Really, what do you look like?

It boggles my mind how many deletable photos are posted. Like when you drop the phone as you are about to take a picture and half your face ends up cut off or the image turns out blurry. I didn’t crop this photo, readers. I can only presume this dude does not have friends to tell him he’s not putting his best side forward.

How does the camera function work anyway?

The gentleman below loves a good rugby match, and I applaud him for being upfront about his passion for the brutal sport. But he could have gotten his point across without leading with a bloody picture. If you are related to this man, please tell him to save this photo for the third date.

Sunday, Bloody Sunday

Your friends can also be there to help stop you from posting underwear photos and dark/upside side down photos. A consultation might result in the straightening of your headphones or someone near and dear telling you it’s a very bad idea to grab your junk for a photo.

"Help me"

Friends also don’t let friends post pictures that contour their hairy backs:

Just say no to posting pictures like this...
Just say no to posting pictures like this…

And last but not least, a true friend would never let you post this pronouncement. I mean geez… leave a little to the imagination, please.

I have no wordsWe can’t all have photographer friends to make us look gorgeous, but with today’s technology, it doesn’t take much effort to look good. If you’re unsure of a photo, don’t post it. And whatever you do, don’t forget to include the witty banter.

try a little tinderness

A man, his pool and his pug
A man, his pool and his pug
Broad shoulders. Itty bitty man shorts.

I tend to come to Internet trends late. I initially rejected Facebook and more recently, divorced the site. I never followed a blog until I after I started my own. I avoided Twitter as long as I could, and I’m a self-diagnosed Instagram stalker, just posting enough photos to be legit but preferring to ogle at other people’s meals, outfits and sunsets.

“Try online dating,” my friends pushed. Love? Like I’m going to find that on the World Wide Web. But they coaxed, and I tested the waters.

Match.com was a disaster. Not only did I go on zero dates, but their algorithm is broken because I kept getting paired with men whose profiles declared my single biggest deal breaker: wants kids, definitely. But the final subscription-canceling straw came when one of my daily matches, the 10-12 carefully selected true love potentials I was thoughtfully sent everyday, was a 62-year old school bus driver.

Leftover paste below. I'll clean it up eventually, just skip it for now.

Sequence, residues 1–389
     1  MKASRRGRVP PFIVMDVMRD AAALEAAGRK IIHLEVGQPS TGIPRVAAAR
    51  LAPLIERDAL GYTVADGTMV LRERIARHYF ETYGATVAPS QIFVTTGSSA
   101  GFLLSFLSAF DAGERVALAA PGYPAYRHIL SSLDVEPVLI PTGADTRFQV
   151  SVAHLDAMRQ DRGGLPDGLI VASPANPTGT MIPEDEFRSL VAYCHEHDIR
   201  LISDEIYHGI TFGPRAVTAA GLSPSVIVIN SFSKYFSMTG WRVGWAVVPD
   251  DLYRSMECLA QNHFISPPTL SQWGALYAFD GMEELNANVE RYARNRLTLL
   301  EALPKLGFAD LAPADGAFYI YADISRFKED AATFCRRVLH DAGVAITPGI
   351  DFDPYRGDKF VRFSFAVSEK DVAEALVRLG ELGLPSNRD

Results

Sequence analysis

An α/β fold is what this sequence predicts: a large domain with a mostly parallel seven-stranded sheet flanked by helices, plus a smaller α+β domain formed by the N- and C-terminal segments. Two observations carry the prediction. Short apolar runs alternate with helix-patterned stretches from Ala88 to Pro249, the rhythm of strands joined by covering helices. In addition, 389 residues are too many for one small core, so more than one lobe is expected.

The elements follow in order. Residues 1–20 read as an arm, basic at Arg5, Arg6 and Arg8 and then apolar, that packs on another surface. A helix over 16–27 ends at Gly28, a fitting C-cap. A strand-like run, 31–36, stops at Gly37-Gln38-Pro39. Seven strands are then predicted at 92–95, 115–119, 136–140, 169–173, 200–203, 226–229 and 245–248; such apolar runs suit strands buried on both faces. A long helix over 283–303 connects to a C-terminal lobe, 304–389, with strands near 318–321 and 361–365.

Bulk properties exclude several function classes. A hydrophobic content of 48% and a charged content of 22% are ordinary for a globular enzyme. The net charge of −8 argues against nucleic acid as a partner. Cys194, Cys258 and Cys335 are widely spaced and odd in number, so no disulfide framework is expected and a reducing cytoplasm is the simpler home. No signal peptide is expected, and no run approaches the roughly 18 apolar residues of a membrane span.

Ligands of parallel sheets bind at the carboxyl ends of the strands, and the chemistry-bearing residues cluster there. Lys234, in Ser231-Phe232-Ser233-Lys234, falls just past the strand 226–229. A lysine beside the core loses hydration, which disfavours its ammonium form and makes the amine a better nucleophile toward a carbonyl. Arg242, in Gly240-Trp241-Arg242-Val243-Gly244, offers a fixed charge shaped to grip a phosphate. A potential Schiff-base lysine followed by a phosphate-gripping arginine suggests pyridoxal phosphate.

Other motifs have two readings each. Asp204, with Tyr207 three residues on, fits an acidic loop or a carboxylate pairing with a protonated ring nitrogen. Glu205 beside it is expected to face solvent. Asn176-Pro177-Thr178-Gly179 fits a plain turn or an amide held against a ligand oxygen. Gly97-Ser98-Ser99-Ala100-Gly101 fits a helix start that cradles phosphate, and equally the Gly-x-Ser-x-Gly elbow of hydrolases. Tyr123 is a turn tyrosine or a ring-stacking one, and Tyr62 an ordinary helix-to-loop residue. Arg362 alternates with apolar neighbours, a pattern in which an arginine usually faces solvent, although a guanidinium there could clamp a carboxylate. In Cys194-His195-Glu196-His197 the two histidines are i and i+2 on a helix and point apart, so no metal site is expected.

“Hinge is the way to go,” a twentysomething told me. It sounded kind of dirty, but I gave it a go. I met a guy, respectable enough. Hinging on the boring side. We dabbled in dating before I admitted to myself we had no spark.

Of course, everyone brings up Tinder. But why would I sign up for the hook up site? That’s certainly not what I want, and if it were, I’d find other ways to meet eligible men.

“Tinder is different for people in their 40s,” I was assured. “I know a woman who met her boyfriend on Tinder,” one guy friend told me.

Fueled by wine and boredom, the other day, I joined. It literally took me all of 30 seconds to set up my account. Unlike Match and other dating sites, there is no long profile page to fill out. Just add some pictures and a 400-character description and voila. Immediately, I had hundreds of “matches” to swipe right or left. It took time to get the hang of it. I sadly left swiped the man pictured in front of his extensive wine cellar and my friend accidentally right swiped someone unacceptable who instantly became a match, leading to scrambling and un-matching.

I don’t think it’s 100 percent true that 40-somethings use Tinder for “real” dating, as evidenced by some of the profile photos I’ve seen. Readers, Nude Photo Exhibit A:

Lower half of photo cropped to protect the innocent.

The lack of a character description is telling. I’ve left swiped some handsome guys because they wrote nothing about themselves and I just don’t go for illiterate men. Nor am I interested in a “poly” relationship or to be an out-of-towner’s fling. I mean, it’s one thing if we meet at happy hour at Proof, but quite another if I have to prearrange sex on my iPhone.

I get it… you have to kiss a lot of frogs. And then maybe you find a prince. And he owns a hot tub.

Hot tub time machine
Hot tub time machine